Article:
Challenging years for BRI
China’s Belt and Road Initiative (BRI) has hit several roadblocks as geopolitical tensions and financial constraints plague emerging markets. This is a significant shift from China’s initial plan to connect East Asia and Europe. Large public debt loads, rising debt servicing costs and slow growth will reduce the willingness of policymakers in emerging markets to take on new infrastructure project-related debt over the medium term, especially for large, high-risk projects.
EV production aspirations
China has been a major player in the production and deployment of EVs, and with the Belt and Road Initiative (BRI), Chinese companies are now leveraging their expertise and partnerships to expand investments along the EV supply chain. By building partnerships and investing in EV production facilities, Chinese companies can tap into the growing global demand for sustainable transportation solutions and position themselves as leaders in the sector.
China’s Geopolitics in Europe
Growing China-West tensions have contributed to increased scrutiny of Chinese participation in the European infrastructure sector. The Russia-Ukraine war has dimmed the prospects for the development of the Eurasian land bridge between China and the EU and has created uncertainties in Central Asia.
Despite these challenges, there is still a strong need for improved transport links between Asia and Europe. The implementation of the BRI may face headwinds due to geopolitical tensions and debt pressures, but there is still an optimistic outlook for improved transport links supported by the shifting global supply chains.
The fact that Central Asia is increasing in importance to China comes at a time when several European nations, including Germany, Hungary, and Italy, still enjoy economic ties with China. However, tensions between Europe and China remain manifold, with several EU governments imposing restrictions on the participation of Chinese IT majors in 5G networks. Meanwhile, Western Balkan countries have benefited from BRI investments that were easier to access than EU funding which comes with a lot of conditionality that is harder to fulfil.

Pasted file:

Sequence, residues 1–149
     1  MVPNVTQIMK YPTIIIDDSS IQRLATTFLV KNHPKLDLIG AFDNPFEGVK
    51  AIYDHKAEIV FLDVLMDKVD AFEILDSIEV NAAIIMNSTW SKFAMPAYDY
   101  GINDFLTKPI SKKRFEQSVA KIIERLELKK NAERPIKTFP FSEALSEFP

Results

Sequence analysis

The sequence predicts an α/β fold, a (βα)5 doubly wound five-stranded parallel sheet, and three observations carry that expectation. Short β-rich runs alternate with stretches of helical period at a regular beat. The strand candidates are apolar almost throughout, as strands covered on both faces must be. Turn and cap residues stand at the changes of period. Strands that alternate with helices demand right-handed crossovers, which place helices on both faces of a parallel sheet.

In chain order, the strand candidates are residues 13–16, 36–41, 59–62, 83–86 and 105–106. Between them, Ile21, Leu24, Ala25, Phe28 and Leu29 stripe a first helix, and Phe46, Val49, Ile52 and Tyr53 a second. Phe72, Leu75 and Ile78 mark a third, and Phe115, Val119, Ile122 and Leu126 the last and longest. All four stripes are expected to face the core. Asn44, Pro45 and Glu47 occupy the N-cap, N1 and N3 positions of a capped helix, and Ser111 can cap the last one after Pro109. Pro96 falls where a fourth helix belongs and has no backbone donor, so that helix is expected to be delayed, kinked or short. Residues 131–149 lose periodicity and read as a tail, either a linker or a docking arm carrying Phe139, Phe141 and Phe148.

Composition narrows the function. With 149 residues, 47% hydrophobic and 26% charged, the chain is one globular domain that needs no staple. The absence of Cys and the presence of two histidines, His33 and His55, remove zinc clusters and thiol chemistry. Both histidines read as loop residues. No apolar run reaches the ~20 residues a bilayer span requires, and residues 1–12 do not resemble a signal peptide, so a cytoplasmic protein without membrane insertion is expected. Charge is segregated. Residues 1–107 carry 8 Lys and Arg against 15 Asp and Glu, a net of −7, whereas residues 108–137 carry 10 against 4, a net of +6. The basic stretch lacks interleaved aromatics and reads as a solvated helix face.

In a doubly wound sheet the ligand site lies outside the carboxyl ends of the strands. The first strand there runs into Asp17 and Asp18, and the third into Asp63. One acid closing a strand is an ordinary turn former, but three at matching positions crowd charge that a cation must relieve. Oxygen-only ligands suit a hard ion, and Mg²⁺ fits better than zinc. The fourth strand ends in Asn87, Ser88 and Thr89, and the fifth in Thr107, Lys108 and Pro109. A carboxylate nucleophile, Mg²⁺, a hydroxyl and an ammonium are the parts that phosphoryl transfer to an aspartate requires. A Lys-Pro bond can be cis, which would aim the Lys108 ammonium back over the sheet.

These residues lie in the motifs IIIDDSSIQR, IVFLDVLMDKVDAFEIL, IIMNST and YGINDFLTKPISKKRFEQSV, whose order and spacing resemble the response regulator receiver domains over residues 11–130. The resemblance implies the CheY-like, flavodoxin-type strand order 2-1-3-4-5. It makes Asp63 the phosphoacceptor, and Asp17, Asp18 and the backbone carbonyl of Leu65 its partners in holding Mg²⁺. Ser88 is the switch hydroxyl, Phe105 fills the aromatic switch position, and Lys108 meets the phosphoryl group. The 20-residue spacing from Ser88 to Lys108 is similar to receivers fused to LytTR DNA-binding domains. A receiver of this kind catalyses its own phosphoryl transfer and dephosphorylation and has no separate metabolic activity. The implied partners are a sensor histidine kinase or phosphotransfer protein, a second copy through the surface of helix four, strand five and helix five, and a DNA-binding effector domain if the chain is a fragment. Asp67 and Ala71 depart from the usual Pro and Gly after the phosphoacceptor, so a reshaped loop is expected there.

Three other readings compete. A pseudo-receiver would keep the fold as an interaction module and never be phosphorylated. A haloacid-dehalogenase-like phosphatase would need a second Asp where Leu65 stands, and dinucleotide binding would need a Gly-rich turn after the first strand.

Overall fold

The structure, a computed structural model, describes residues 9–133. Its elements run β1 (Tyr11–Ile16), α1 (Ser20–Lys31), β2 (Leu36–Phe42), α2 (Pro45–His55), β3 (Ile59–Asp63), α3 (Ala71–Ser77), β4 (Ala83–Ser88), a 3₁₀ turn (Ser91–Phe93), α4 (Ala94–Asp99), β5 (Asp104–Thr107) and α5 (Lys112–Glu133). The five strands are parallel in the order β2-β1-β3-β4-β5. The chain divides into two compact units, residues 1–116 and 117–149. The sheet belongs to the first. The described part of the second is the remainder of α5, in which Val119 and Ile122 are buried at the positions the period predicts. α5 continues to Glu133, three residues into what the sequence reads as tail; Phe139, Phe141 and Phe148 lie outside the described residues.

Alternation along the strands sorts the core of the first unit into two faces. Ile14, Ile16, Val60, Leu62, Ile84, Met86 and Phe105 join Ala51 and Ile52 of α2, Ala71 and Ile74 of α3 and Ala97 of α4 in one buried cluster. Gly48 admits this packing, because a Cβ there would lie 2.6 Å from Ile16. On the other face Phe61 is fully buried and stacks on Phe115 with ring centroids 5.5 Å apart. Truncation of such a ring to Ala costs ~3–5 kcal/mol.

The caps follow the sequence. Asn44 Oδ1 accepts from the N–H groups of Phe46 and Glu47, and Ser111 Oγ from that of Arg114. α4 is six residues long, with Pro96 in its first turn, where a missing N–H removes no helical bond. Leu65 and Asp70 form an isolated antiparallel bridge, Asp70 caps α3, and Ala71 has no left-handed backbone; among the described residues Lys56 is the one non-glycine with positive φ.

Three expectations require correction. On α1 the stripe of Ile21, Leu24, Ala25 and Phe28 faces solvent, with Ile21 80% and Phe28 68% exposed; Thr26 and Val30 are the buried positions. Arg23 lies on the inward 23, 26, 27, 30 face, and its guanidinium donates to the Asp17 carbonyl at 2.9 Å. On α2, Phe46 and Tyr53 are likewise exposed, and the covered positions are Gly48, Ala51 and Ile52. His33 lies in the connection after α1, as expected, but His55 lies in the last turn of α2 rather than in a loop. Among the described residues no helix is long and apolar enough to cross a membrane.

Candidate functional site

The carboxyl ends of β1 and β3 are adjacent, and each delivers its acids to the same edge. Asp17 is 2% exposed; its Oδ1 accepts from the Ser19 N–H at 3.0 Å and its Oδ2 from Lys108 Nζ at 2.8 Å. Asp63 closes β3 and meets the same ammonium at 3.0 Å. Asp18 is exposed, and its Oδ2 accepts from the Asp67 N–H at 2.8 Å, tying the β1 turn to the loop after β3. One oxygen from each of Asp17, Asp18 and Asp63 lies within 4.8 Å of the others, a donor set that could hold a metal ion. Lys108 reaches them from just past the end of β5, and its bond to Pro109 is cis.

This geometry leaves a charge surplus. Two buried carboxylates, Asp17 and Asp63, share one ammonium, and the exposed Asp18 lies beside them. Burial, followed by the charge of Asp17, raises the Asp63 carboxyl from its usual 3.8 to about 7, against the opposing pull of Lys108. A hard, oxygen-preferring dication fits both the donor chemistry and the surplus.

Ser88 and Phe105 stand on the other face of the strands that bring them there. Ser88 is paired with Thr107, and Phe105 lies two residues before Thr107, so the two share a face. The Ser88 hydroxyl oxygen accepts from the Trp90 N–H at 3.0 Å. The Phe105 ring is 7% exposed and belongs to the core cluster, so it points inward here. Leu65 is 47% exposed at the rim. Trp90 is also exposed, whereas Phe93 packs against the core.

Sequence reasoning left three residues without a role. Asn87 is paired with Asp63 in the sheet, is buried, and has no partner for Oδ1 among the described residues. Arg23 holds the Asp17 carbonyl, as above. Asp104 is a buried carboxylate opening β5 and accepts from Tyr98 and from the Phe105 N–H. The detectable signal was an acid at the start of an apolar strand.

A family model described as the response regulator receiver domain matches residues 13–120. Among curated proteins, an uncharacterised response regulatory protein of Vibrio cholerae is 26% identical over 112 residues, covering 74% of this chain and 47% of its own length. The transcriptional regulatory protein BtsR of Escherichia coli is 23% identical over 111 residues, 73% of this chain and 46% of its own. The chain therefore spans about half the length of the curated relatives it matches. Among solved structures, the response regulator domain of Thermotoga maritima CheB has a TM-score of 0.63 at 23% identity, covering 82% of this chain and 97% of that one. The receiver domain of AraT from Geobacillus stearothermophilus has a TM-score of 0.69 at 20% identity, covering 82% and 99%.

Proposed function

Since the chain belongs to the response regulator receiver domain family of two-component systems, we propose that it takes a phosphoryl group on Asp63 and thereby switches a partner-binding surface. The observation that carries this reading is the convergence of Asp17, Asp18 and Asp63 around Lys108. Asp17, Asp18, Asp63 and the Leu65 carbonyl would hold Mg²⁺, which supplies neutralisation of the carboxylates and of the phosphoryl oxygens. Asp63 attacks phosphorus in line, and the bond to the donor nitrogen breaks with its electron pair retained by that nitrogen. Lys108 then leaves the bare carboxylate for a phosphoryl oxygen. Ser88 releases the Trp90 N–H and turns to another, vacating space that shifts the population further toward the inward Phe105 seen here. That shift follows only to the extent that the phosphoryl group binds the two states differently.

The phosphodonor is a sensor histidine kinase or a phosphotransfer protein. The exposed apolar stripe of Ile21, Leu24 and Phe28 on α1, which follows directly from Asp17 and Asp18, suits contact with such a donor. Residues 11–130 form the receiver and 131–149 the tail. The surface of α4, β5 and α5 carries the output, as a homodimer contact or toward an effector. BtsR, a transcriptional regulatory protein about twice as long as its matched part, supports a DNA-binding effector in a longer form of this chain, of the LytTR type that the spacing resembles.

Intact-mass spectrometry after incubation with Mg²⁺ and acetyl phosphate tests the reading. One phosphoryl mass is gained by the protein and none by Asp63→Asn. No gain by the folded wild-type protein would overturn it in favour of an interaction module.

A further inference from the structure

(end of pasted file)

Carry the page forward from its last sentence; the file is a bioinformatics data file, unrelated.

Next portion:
Increasing presence in Central Asia
While Chinese contractors hope to reduce risks by pursuing more projects in Europe, regulatory oversight of Chinese investments in some countries there is expected to thwart those plans. As a result, China is increasing its focus on Central Asia, where the region’s importance as a trading route has grown following Russia’s invasion of Ukraine and Western sanctions on Moscow. During a recent webinar, Fitch Solutions analysts emphasised Central Asia’s importance to the BRI since it was the place where President Xi Jinping first announced the massive infrastructure project. They also noted that China has been increasing investment in Central Asia while reducing its investment in other parts of the world, such as Europe and sub-Saharan Africa.
With the fall in investment in Europe, Fitch Solutions head of Europe country risk Anwita Basu pointed out increased investment in Central Asia. The region played a crucial role in the BRI since its inception, and its importance has grown over the years. Basu also highlighted the series of recent meetings between high-level Chinese and Central Asian officials as a clear indication of the region’s significance.
Furthermore, the Russia-Ukraine war has impacted the dynamic in the region. Central Asia has long been considered Russia’s backyard, and the region has benefited significantly from trade with Russia. However, Basu believes that “Russia’s role in Central Asia has lessened as its attentions are increasingly occupied by Ukraine, and meanwhile, Central Asian nations are looking to other countries like Turkey, India, and even China to replace it.”
The importance of Central Asia to China cannot be overstated, and it has been part of the country’s goal to connect itself to Western economies while also developing the Xinjiang region in Western China. During a trip to Kazakhstan in 2013, President Xi first announced the BRI, and Central Asia has remained a crucial part of the project. Basu emphasised that Central Asia is a very important part of China’s plan and that the region’s growth is expected to continue.
The smaller economies of Kyrgyzstan and Tajikistan in Central Asia are facing debt issues, particularly on projects related to China’s Belt and Road Initiative (BRI). The two countries hold a significant amount of debt to China, which is around 20% of their respective GDPs. As a result, Chinese investors are expected to be more cautious and prioritize security and debt concerns when investing in Central Asia. This may lead to a slight slowdown in investment in the region in the next few years.
With Central Asia playing such an important role in the BRI, it is likely that China’s focus on the region will continue to grow, with the country hoping to connect to Western economies and develop its own western regions. Despite the challenges, China remains a global economic powerhouse, and it is likely that the BRI will continue to evolve in line with changing economic and geopolitical realities.